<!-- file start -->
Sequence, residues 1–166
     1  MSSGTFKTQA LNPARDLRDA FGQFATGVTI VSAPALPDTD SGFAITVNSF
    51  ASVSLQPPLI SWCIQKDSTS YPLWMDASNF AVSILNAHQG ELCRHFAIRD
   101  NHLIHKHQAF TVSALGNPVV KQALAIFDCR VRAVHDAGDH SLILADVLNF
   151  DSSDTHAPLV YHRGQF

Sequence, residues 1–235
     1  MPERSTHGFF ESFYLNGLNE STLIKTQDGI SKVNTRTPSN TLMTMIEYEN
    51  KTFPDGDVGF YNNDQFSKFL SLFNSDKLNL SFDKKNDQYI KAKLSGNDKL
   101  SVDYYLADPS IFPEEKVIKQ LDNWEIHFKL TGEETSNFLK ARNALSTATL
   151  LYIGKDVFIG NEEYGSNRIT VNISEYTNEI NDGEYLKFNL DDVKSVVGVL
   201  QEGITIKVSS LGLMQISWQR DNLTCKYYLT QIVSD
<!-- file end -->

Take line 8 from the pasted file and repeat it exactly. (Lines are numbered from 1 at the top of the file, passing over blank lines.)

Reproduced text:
    51  KTFPDGDVGF YNNDQFSKFL SLFNSDKLNL SFDKKNDQYI KAKLSGNDKL